The term DNSSEC stands for Domain Name System Security Extensions and takes care of verifying domain names. In short it checks that you are connected the the website that is mentioned in your address bar. DNS is the last system on the internet which is not secured. DNSSEC is a extension on the current DNS system to make it more secure. Malicious people could use DNS spoofing to redirect you to a different website than the original. This often is a fake website which looks like the original. When you enter your credit card number on that site the malicious people have your credit card number which they can use to purchase things. DNSSEC makes it very hard to manipulate the data.
At the end of last year we (Walter Hoogerbeets and myself) launched a website to promote the Cyclists Rights. Until today there was only a Dutch version. That's why a number of people worked very hard to translate those rights into English. It turned out not to be such a easy task because the terminology for a cycle path, cycle lane et cetera is different for a foreigner compared to a Dutchmen. But we did it and today it's ready for launch, the English version is online and it's called Universal Declaration of the Cyclists Rights. Take a look and tell me what you think.
You've heard of them. URL shorteners like bit.ly, tinyurl.com, goo.gl and so on. Starting last night there is a new one with the appropriate name: xln.me. This stands for 'XL-Network me', or 'make me XL-Network'. This service isn't publicly availably because I use it for my own sites. If you read my blog posts using Twitter or Facebook you will now see the links like http://xln.me/[code].
Since my website has a .nl-domain and I'm only showing English content on my website my Dutch visitors often read the English version of a blogpost. That isn't such a problem, but often they respond using Dutch, which is a problem for English reading visitors. If you click the button 'Nederlands' in the right navigation you get the same page, but then via xl-network.nl and in Dutch. Handy to know right?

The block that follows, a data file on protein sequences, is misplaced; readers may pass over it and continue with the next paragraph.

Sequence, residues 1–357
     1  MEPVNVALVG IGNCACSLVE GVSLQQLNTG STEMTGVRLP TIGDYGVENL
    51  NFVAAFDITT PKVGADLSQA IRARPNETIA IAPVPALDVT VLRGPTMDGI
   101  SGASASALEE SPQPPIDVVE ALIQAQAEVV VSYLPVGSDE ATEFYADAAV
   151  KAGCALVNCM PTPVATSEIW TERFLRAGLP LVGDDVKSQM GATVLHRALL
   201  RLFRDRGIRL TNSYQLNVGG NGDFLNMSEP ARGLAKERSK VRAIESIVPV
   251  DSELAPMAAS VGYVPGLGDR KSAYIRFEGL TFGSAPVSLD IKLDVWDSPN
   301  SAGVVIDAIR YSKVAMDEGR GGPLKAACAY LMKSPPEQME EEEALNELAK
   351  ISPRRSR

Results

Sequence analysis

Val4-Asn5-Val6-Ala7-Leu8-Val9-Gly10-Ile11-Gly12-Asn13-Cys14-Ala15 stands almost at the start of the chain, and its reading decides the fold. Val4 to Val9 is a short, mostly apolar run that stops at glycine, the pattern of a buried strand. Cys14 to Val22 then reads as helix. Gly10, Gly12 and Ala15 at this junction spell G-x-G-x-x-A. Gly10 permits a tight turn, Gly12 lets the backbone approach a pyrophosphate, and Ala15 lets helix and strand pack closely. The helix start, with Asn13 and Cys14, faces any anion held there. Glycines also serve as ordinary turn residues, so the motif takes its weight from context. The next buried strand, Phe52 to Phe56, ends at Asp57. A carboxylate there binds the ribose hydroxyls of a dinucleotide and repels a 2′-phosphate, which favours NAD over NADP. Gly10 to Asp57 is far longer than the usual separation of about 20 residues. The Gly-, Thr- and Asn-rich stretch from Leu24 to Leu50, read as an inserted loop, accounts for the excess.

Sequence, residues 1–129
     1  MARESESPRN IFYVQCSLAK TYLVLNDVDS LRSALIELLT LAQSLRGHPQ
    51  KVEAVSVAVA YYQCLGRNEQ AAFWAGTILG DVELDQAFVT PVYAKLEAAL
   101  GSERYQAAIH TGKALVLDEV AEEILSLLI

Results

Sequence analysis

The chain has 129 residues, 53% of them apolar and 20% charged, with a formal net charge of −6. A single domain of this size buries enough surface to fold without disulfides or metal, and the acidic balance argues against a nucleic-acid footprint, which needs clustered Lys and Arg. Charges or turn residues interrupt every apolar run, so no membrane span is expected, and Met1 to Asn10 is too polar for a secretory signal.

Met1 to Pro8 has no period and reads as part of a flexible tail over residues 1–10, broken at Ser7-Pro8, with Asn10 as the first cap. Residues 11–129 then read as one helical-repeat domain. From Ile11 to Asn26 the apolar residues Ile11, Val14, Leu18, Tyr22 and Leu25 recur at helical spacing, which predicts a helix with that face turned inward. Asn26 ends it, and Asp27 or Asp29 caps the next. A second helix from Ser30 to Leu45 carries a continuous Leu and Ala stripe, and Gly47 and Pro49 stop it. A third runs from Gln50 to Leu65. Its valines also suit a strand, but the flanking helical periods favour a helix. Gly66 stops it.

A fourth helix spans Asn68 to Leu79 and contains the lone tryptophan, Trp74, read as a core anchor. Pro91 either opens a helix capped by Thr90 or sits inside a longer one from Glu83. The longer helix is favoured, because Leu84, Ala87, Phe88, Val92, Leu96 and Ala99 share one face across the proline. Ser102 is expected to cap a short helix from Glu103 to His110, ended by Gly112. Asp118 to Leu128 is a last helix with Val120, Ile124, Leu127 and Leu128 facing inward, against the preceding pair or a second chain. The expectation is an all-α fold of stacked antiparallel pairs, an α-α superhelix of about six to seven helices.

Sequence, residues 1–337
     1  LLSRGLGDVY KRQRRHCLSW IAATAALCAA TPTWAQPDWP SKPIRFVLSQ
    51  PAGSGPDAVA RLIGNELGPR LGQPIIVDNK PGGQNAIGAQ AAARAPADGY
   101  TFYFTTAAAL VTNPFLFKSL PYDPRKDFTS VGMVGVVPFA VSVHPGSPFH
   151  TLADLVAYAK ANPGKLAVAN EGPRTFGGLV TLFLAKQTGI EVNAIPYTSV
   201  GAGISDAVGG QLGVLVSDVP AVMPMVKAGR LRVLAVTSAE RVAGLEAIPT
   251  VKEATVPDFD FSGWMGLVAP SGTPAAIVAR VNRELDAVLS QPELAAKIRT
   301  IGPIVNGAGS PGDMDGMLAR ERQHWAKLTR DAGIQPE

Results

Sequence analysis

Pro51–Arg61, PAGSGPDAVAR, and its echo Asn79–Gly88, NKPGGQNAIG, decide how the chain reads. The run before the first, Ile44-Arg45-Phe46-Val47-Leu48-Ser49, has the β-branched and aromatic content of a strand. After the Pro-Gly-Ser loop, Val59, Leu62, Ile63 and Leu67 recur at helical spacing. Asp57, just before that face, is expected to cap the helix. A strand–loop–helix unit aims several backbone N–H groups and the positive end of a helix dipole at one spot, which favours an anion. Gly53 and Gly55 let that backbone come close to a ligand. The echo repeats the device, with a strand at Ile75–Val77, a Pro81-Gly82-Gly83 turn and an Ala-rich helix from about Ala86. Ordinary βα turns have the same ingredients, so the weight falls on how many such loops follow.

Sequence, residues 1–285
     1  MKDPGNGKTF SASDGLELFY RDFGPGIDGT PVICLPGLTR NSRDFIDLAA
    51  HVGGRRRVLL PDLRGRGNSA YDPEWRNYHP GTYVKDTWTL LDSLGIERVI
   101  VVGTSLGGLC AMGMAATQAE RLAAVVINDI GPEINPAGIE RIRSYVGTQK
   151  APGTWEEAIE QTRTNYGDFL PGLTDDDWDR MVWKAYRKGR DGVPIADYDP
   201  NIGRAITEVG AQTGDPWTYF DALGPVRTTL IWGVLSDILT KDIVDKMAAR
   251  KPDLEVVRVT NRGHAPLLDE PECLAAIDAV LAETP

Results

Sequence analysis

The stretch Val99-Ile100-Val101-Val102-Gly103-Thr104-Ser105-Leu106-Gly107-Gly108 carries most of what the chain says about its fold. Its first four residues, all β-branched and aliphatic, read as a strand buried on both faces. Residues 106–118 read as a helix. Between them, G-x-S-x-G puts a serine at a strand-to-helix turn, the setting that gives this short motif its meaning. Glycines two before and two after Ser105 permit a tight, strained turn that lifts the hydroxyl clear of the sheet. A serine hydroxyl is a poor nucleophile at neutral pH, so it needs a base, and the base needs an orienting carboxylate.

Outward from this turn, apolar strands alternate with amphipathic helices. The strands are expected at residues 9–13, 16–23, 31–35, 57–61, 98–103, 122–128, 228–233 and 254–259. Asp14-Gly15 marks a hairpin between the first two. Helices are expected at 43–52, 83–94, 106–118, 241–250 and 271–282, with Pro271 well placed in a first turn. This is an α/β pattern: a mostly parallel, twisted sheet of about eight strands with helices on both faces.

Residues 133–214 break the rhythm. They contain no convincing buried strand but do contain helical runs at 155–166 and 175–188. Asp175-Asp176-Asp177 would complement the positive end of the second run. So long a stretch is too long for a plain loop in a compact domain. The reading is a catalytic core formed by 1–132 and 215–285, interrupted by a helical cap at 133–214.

Because I'm always curious about who my visitors are I keep statistics about certain things with Google Analytics. Here you can see how many visitors come by every hour/day/week/month, where they come from, which pages are popular and more.
After being owner of xl-network.com for a bit more then 10 years I can, as of today, call myself owner of xl-network.nl. It all started with the fact that TransIP (where all my domains are hosted) had hidden a Easter Egg during Easter which entitled me to a free .nl domain. After checking it turned out that xl-network.nl was still available. So I claimed it.
Lately I've been busy creating new websites. A while ago I renewed the Ulteam website. And last Wednesday I put the my brother's new photo website, called FrozenImage, online. The problem with the current website was that the webhoster was getting rid of PHP 5.2 support and the site could not function with PHP 5.3 without a major upgrade. That's why I built a completely new website.
A number of weeks ago the old website of our theatersports club Ulteam went down because of the amount of spam and other junk that hit the site. I've been asked to arrange stuff (like the website, the wiki, the domain and hosting). That's when I decided to create a new website and wiki. The website doesn't run on a very old version of Joomla, but is running on the newest version of Drupal.
The Cyclists Rights began with a single post on Twitter. Response grew quickly and within a few hours there was a list with eleven rights. These were published the same night at the on the website FietsersAfstappen as the Universal Declaration of Cyclists Rights version 1.0.
My website has been running on my own VPS as a test and without any major problems. That's why I moved my website from my current provider (Antagonist, which I'm quite happy with) to a VPS from DirectVPS. The whole migration took less than an hour. As I said before... no major problems.